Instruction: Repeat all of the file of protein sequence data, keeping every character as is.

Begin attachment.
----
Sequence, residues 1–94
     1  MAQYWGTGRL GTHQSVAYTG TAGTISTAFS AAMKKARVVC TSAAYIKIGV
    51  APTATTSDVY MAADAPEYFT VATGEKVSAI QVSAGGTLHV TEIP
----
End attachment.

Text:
Sequence, residues 1–94
     1  MAQYWGTGRL GTHQSVAYTG TAGTISTAFS AAMKKARVVC TSAAYIKIGV
    51  APTATTSDVY MAADAPEYFT VATGEKVSAI QVSAGGTLHV TEIP